Electronic waste toxic
Green-minded people wanting to recycle their e-waste should take the extra step, even if it means going out of town to do so.
"All electronics include toxic heavy metals and include other types of chemicals that if people handled on their own, could cause problems or expose them to things they shouldn't be exposed to," said Chet McLaughlin, environmental engineer for the Environmental Protection Agency. "Probably the most important argument to recycling electronics is that it makes our society much more efficient if we recycle old electronics into new electronics that we can all use an enjoy."
By recycling, experts say, consumers can do a lot for the environment. First, they can lessen their impact on landfills. Although electronics account for less than 2 percent of the municipal solid waste in the nation, that number is expected to grow if consumers continue to buy electronics at the current rate, according to the Environmental Protection Agency.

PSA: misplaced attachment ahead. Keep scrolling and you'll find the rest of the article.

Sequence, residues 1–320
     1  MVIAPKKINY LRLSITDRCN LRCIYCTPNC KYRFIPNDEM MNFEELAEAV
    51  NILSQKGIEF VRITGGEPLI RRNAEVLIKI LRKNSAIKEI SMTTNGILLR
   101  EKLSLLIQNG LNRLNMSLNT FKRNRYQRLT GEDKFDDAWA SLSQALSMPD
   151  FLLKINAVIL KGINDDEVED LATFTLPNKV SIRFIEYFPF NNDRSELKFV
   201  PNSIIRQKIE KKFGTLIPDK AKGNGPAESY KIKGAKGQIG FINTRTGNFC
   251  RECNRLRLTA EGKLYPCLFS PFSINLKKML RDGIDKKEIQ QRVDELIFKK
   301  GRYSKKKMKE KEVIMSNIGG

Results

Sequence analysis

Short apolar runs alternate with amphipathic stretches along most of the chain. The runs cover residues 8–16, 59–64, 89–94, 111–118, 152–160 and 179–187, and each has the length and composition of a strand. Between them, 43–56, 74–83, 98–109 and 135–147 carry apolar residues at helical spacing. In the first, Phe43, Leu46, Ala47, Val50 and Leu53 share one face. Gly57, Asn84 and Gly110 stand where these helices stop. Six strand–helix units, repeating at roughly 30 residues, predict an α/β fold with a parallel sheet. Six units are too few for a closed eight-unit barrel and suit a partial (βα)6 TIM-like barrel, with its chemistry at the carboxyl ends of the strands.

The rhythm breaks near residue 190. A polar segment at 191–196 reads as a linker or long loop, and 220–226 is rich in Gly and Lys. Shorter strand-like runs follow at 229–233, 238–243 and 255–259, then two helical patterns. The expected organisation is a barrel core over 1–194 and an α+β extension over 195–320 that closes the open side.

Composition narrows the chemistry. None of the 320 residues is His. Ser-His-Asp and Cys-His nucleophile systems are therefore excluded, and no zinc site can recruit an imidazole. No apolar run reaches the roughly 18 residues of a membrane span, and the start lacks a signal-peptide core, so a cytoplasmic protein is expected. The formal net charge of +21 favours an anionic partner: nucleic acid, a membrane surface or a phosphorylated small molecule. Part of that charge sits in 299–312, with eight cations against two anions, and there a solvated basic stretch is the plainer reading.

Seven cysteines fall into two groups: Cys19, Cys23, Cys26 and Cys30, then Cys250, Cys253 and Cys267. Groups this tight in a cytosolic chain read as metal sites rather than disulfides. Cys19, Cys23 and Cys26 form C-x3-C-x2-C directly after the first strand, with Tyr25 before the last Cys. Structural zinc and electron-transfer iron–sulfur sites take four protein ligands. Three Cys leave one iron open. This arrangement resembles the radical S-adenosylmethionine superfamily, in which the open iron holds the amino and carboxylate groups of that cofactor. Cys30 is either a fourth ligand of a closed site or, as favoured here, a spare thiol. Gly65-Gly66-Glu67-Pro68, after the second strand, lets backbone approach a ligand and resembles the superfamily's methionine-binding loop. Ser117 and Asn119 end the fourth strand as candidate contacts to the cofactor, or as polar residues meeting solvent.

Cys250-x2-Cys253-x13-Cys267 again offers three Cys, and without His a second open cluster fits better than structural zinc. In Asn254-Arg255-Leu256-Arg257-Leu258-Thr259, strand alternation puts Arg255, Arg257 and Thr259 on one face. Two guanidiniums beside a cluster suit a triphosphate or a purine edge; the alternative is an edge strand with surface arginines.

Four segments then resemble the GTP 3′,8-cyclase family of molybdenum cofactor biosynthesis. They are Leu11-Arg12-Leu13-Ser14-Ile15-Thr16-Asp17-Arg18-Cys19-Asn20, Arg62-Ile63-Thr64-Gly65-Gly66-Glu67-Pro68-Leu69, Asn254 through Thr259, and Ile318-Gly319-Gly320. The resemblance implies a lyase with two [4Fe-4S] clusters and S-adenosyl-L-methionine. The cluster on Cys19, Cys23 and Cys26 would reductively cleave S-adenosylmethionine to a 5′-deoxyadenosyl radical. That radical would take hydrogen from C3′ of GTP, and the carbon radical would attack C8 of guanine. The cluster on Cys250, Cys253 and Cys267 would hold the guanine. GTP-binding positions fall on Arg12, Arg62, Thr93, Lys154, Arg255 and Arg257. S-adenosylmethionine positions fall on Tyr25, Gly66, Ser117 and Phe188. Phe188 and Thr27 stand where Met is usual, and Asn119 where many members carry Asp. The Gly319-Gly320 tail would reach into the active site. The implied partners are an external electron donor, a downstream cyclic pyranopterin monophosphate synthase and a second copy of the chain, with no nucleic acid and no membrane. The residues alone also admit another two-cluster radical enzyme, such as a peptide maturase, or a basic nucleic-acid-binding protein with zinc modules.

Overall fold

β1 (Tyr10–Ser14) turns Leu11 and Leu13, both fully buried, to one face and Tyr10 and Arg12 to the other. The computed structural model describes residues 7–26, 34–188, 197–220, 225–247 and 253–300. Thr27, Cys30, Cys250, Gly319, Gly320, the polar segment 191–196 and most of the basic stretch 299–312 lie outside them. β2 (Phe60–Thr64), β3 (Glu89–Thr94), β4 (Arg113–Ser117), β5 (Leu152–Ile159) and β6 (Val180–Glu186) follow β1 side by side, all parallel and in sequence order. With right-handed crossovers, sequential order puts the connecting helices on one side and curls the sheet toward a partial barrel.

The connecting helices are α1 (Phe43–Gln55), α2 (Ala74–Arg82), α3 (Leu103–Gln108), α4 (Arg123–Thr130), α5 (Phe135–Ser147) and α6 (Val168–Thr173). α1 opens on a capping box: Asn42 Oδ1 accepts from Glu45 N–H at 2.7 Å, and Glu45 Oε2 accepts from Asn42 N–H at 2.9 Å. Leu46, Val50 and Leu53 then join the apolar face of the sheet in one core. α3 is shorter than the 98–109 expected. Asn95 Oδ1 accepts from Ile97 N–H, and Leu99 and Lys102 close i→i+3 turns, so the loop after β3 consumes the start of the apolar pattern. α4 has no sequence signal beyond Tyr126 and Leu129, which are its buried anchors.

In 2005, used or unwanted electronics, including computers and cell phones, amounted to about 1.9 million to 2.2 million tons of waste, according to the EPA. Of that, only 345,000 to 379,000 tons were recycled.
Recycling also helps keep toxins out of the environment. Many electronics, such as computer monitors, contain hazardous materials.
"That is what's most important to keep from the landfill," Richardson says.
For instance, an average of four pounds of lead can be found in computer monitors and older TV picture tubes, according to the EPA. The EPA also lists chromium, cadmium, mercury, beryllium, nickel and zinc as other toxic materials that can be found in electronics.